Despite serious challenges within colonization and slavery, postcolonial marginalization, and more contemporary sun-sand-and-sex tourism, Caribbean performers have managed to guard African and European heritages, as well as Creole creativity. For Haiti, several distinguished artists have championed African Diaspora dance when most cultural representations were reflecting European models solely. Jean Léon Destiné came to fame in the mid-1940s as Haiti's first professional dancer and founder of the National Folklore Theater (1949). His depictions of Haitian folk characters and jumping over six-foot-high drums are legendary. Although he was trained as a journalist and singer, he has enjoyed a life of stellar dance performance and acclaimed teaching while based in New York.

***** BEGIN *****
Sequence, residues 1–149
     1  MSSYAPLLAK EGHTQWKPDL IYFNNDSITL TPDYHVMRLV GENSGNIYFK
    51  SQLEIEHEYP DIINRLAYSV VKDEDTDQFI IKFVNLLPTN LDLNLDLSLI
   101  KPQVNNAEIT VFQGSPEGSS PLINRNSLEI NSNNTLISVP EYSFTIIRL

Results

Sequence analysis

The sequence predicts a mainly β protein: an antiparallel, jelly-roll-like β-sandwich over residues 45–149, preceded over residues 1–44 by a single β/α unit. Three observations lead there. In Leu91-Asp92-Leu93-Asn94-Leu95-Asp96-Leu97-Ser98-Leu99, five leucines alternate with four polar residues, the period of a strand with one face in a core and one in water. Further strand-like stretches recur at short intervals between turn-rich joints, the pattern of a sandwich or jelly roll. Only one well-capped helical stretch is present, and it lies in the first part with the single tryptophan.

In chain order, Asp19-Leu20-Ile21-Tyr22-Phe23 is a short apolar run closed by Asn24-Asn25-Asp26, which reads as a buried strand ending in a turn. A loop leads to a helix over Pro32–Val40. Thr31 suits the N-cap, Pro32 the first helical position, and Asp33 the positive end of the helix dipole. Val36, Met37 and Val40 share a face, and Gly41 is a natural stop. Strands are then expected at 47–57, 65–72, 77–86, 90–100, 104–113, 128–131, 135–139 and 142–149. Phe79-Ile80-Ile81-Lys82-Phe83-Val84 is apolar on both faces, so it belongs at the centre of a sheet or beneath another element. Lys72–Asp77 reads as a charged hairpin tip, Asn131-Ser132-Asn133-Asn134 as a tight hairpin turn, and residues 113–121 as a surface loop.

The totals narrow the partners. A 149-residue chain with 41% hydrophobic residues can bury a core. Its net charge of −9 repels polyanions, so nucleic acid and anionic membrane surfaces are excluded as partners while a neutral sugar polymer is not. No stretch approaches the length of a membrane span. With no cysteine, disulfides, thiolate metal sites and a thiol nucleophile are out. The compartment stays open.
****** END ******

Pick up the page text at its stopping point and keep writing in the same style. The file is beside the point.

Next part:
Lavinia Williams Yarborough, a professional dancer from the United States, went to Haiti to take Destiné's place after his departure. As an acknowledged ballerina and principle dancer in Katherine Dunham's touring company, Yarborough's job was to train National Theater dancers in ballet and Dunham technique. Originally, she was supposed to stay for six months, but her positive influence on Haitian society, especially in guiding young female students toward productive lives, caused the government to request that she remain. For the next forty years, she studied all forms of Haitian dance and shared her command of the Haitian, European, and American dance repertoires with local and international students.
Another great Haitian dancer, Louinès Louinis, was recruited by Jean Léon Destiné for the Haitian National troupe because of his natural dance talents. Louinis danced professionally with Lavinia Yarborough and achieved national distinction before leaving Haiti to perform, choreograph, and teach. He continues to train students in Miami and New York within the distinctive clarity and phenomenal strength of Haitian folkloric dance.